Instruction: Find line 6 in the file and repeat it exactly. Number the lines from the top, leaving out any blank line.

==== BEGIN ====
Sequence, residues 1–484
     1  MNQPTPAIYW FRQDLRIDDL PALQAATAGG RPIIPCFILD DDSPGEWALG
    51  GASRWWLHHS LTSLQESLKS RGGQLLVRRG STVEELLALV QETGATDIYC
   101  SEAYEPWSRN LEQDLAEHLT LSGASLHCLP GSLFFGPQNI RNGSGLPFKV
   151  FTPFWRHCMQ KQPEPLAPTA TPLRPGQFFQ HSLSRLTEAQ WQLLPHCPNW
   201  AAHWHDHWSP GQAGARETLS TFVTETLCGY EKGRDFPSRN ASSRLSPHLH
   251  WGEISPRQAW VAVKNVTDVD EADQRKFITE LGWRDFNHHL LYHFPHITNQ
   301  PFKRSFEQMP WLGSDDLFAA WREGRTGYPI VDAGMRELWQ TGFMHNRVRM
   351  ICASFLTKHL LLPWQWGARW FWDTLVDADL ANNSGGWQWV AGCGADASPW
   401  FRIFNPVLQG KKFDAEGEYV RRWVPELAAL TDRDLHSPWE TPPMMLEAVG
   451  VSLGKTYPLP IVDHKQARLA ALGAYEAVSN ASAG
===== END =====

   201  AAHWHDHWSP GQAGARETLS TFVTETLCGY EKGRDFPSRN ASSRLSPHLH